As we reflect today on Jesus’ suffering and death, on the cross that killed our Savior, it’s easy to focus solely on our individual relationship to God. God suffered and died for me, he “so loved” me that he gave his only son, he thought of me as he hung there. All those things are so very true, and yet we will miss out on so much that Jesus intended for us if our eyes stay there.
These are some of the words of the last prayer John records Jesus praying before his arrest. As he faced the cross, this was concern: you and me. And what did he desperately want for us? Unity. He prayed that we would be one as He and the Father are one. That is a strong, extreme idea. Especially when you consider how divided the church is today.
The cross is the place where the Kingdom of God breaks into our world, and part of God’s Kingdom is reconciliation. The cross means reconciliation between God and humanity, yes, but it also makes a way for reconciliation between all of us. Humanity is fractured, and we are caught in a cycle of unforgiveness, of misunderstanding, of distance, of wounding, of violence. Jesus came that in Him we might overcome all that brokenness and find unity.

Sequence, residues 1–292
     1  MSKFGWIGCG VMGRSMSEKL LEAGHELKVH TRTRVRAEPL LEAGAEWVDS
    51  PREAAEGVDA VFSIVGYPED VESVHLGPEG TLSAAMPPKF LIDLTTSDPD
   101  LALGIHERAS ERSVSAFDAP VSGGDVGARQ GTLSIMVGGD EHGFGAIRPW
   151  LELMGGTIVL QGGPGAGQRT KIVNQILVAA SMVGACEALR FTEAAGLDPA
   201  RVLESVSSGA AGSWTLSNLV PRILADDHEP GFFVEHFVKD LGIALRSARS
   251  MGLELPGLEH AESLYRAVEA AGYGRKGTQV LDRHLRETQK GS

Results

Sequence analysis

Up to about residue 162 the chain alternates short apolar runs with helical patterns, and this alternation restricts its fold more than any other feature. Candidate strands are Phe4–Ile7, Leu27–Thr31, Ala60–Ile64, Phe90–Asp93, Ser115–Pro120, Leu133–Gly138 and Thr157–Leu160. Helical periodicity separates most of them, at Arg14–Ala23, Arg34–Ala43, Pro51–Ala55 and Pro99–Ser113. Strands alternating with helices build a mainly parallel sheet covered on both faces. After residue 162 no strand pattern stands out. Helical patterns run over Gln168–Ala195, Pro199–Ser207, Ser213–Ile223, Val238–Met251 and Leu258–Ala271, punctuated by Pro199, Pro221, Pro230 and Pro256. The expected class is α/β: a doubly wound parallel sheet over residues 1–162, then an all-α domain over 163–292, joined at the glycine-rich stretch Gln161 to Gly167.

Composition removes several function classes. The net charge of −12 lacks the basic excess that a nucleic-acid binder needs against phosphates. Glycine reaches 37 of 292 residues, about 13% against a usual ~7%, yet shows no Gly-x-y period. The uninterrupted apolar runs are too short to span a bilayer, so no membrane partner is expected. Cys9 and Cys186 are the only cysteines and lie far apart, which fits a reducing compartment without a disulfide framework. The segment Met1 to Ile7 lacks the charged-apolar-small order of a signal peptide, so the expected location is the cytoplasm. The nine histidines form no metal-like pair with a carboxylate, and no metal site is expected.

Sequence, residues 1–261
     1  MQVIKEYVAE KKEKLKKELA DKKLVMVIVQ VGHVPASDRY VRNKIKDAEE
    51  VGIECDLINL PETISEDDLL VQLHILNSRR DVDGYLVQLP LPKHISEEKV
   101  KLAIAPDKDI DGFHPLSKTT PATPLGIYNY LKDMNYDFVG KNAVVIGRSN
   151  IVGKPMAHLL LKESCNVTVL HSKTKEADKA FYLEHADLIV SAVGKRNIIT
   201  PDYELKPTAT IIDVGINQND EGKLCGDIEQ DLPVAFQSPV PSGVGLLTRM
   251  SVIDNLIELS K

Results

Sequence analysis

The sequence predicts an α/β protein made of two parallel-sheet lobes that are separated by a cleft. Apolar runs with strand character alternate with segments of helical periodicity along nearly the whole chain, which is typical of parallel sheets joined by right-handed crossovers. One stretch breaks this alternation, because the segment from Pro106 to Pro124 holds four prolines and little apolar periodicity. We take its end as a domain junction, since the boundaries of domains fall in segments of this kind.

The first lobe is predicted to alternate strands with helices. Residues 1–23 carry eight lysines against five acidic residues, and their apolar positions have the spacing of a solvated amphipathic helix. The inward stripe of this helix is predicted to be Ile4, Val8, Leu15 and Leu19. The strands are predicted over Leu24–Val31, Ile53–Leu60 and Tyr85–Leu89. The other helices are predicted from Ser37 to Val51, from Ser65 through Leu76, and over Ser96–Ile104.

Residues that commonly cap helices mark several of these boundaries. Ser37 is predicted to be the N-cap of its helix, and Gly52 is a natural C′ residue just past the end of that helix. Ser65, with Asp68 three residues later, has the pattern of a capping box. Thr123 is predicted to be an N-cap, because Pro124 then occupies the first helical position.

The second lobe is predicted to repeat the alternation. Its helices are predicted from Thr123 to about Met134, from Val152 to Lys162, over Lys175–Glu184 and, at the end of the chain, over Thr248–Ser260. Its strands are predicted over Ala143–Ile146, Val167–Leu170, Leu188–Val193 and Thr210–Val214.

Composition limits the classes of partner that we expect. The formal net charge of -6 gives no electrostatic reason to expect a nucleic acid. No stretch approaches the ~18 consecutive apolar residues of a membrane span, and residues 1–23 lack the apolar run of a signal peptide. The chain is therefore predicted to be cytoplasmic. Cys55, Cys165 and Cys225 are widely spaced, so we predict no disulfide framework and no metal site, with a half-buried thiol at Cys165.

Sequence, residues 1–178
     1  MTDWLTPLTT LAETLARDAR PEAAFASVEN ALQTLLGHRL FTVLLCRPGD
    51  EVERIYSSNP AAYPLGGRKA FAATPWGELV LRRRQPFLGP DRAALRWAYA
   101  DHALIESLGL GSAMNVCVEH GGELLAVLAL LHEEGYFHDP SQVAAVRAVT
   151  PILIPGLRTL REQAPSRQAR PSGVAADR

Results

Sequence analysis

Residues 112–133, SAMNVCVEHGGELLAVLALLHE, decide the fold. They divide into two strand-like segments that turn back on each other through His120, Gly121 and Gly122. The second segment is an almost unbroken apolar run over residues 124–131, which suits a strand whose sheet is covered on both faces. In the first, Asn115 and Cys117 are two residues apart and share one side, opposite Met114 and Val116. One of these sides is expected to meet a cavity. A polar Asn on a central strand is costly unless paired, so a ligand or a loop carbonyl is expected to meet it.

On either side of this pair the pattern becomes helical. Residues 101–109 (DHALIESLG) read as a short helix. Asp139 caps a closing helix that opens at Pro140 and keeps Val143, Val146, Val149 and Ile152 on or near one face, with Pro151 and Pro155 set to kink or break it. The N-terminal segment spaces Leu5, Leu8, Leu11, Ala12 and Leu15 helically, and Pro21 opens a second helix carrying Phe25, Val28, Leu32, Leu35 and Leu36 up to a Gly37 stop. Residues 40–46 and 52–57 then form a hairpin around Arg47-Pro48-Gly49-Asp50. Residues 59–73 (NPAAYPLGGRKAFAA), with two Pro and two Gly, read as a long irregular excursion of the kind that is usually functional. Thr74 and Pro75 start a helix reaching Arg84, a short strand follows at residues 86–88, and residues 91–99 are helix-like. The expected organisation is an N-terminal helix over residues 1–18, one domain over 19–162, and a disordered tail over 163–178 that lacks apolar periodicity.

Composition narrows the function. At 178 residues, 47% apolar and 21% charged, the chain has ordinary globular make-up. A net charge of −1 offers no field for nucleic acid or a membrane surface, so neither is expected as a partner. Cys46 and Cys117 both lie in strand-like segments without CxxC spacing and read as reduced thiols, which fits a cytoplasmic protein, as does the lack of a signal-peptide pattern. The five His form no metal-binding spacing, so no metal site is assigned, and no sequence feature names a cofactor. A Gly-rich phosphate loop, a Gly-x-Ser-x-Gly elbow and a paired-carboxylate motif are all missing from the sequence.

@@On the cross, Jesus inaugurates a Kingdom where our differences are overshadowed by our oneness in him.@@ On the cross, Jesus suffered and died so that we might all be one family, no longer fractured but forgiven and offering forgiveness to one another. There can’t be unity without forgiveness, and Jesus made that possible on that fateful Friday.
Today, on the day Christ Jesus purchased our peace, let’s join him in his prayer for unity. Let’s pursue the love for one another by which we are to be known in the world. Let’s examine our hearts and practice forgiveness where we’ve held onto hurts from others. And let’s walk in the way of the cross: moving toward others who may have different backgrounds, different perspectives, and different opinions, standing in the unity Jesus’ cross brings.